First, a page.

Continued from yesterday and my interview with Monica Adair, here’s part 2 of 3 on the #BuildingEast Interviews.
Enjoy the interview with Stephen today. Monica Adair yesterday. John Leroux tomorrow. #BuildingEast opens Friday at the Saint John Arts Centre.
#BuildingEast is an exciting opportunity for you to display your work.
Why now? Was there an external motivator?
We have been working like mad for the last two years and finally [Architecture is the ‘slow art’] have built work! We are very excited about the potential for the Maritimes and want to show people what we have done in our first two years as a company – and, at the same time, find out what peoples vision is for the Maritimes in the next 10 years. What do people want their built culture to be?
Curating your own work usually presents a challenge.
How did you go about curating the show?
It is hard and requires a constant dialogue from within. This is not easy to do in a small office as everyone is highly involved in each project, so nobody is impartial to any one aspect. I think at this moment, there are so many ideas swirling around that its hard to get perspective on our work as a whole and that is one aspect I am excited about seeing on the 18th. That discovery of seeing it presented as a whole and stepping back to asses…..and hopefully its not garbage!
#BuildingEast presents a very unique challenge.
We have one of the most volatile, extreme climates in the country. How do you adapt a minimalist style to this climate?
We start with trying to design the most efficient layout possible by being creative about how people live or work. Building small minimizes your exposure and heat loss [and saves money]. It pains me to see these ginormous mansions being built that have empty rooms 99% of the time which the owner is paying to heat. Why?
In terms of design, tell me about your process and inspiration.
Our studio process is inspired by the intersection of context [wither it is regional or site specific] & that of the clients specific program. By thinking about how to simplify complex site & programmatic challenges multiple ideas will emerge. From there, we use an iterative design process with constant dialogue with the client in order to arrive at a solution that meets their functional needs, responds to its context and hopefully produces something that inspires.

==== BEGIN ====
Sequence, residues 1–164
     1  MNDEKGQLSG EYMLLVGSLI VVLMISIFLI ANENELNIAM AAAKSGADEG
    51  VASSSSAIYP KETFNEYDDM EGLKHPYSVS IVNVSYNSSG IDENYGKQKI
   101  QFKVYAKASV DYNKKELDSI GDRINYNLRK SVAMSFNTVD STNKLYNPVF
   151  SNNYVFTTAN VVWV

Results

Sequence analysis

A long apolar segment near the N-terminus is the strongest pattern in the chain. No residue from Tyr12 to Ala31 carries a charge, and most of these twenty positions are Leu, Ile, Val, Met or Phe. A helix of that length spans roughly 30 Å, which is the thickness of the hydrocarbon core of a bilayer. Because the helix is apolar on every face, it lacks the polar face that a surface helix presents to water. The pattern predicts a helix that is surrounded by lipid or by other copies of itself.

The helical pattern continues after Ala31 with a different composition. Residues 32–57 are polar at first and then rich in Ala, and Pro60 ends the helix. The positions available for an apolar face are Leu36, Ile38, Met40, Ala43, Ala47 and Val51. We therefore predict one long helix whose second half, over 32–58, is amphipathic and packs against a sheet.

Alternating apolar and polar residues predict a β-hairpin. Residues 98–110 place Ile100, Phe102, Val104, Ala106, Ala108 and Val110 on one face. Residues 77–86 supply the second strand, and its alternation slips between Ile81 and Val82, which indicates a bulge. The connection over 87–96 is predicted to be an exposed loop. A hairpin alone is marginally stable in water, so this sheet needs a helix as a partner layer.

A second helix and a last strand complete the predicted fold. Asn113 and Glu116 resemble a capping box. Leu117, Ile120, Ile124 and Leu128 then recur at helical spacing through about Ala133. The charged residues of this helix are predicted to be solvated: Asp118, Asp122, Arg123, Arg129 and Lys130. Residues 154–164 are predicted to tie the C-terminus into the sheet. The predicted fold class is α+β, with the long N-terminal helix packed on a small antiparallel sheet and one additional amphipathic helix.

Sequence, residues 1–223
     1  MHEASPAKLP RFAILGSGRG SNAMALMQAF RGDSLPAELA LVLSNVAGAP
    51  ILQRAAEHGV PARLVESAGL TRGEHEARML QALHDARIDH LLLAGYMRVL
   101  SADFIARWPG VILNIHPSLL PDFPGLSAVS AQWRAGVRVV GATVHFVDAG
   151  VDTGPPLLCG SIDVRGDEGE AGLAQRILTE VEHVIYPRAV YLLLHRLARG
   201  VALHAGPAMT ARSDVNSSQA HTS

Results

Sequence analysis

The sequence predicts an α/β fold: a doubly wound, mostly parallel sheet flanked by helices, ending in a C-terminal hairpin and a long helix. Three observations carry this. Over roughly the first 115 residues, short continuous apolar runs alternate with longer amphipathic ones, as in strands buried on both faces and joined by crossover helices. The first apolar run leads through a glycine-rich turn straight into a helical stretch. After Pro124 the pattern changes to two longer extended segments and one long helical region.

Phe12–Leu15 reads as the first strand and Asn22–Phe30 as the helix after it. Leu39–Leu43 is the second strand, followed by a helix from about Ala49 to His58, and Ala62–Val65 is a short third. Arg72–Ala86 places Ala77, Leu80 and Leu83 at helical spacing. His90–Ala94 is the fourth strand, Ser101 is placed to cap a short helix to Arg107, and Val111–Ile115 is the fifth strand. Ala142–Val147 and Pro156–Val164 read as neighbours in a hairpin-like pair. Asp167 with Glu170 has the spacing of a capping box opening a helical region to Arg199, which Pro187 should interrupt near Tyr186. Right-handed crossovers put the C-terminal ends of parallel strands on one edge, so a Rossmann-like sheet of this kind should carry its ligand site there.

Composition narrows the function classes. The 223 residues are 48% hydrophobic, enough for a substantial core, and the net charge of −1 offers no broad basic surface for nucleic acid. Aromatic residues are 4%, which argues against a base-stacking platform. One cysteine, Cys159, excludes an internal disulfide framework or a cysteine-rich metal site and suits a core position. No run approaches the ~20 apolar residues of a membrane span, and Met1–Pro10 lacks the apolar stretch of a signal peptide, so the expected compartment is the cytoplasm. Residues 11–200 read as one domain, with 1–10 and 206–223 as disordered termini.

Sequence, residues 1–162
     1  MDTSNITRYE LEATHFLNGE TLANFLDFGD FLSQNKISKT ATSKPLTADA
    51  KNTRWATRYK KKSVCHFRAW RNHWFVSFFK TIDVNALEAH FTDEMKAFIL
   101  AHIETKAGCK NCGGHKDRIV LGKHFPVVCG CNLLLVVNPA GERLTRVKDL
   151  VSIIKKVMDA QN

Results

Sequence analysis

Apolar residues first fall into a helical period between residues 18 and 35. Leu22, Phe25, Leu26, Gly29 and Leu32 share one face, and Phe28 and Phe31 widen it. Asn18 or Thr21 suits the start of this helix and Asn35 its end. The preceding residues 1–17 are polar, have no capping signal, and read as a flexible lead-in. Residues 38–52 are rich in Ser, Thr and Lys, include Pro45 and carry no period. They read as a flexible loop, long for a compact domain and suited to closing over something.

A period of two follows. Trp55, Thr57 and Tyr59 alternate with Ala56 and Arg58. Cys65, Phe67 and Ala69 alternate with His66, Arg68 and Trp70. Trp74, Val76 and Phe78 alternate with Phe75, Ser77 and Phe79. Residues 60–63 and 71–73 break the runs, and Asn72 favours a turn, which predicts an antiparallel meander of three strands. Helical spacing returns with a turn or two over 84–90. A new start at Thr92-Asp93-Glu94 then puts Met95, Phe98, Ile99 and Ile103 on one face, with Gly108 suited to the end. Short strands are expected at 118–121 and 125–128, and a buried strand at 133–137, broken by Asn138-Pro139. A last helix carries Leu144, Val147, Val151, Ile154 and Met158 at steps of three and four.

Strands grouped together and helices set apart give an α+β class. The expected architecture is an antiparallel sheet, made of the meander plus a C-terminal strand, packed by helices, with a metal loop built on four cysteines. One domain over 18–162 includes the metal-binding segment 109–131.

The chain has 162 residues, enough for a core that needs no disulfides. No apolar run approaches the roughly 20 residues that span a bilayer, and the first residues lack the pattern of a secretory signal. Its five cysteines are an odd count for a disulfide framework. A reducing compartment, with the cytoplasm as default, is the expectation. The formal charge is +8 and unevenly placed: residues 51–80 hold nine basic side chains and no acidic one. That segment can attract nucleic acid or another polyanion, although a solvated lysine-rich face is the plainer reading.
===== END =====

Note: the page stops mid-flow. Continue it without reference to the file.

How do you reconcile minimalism’s strict clutter-free visual with a client’s real life?
(It looks great in magazines, but the truth is normal human beings can’t live without any signs of life).
Do you find you have to convince a lot of clients to go the contemporary route, or do they come to you because you’re known for it?
It’s a combination really. We have a hard time describing our work because we don’t really design to any style – contemporary or otherwise. That being said, our work would most closely be associated with contemporary and so far people are coming to us because of that. We try to live clutter free as much as we can, but fail just like everybody else, especially with our 1 year old Hugo stashing toys wherever and whenever.
A significant majority of New Brunswick architectural firms are…
… one man shows. I don’t know why that is, but they must know something we don’t.
What’s it like being one of the very few young architectural firms in the province?
What pressures or responsibilities do you feel that entails? What freedoms does it allow?
Tough question. The freedom of being a new firm in the province is that anything is possible from our clients perspective. We don’t have something we are expected to produce [yet]. The pressure is that we have to work harder to make relationships with contractors and product reps in the province – which is a good thing to pursue anyway.
What’s your dream commission?
A school – with a descent budget and a vision to create creative spaces for kids
Is less really more?
Hmmmm, lets just say that simplicity is king in my mind. It usually looks like less, but not always.
What causes more lack of sleep: your work or your son?
Work. Monica may not agree with that one.
You two are incredibly stylish.
You’re not the turtleneck and thick-rimmed glasses cliché of an architect. Tell me a little about how you define your fashion sense and how that relates to your architecture.
Merci Barb. I don’t think too much about my look as it pertains to a definition of myself, but maybe I should [I actually want a turtleneck! Ha]. I like changing it up and get tired of wearing the same thing I suppose; I try to stay away from trends and would rather wear something [somewhat] unique. I suppose you could say we try to do the same with our building designs.
Exactly how adorable would it be if Hugo grew up to be a stylish contemporary architect just like his mom and dad?
If he buys the business from us, adorable off the charts!
See you there!
( & Ry)
The Majumder Manor website is full of information about the project.
ACRE’s first blog post went live today – check it out to learn more!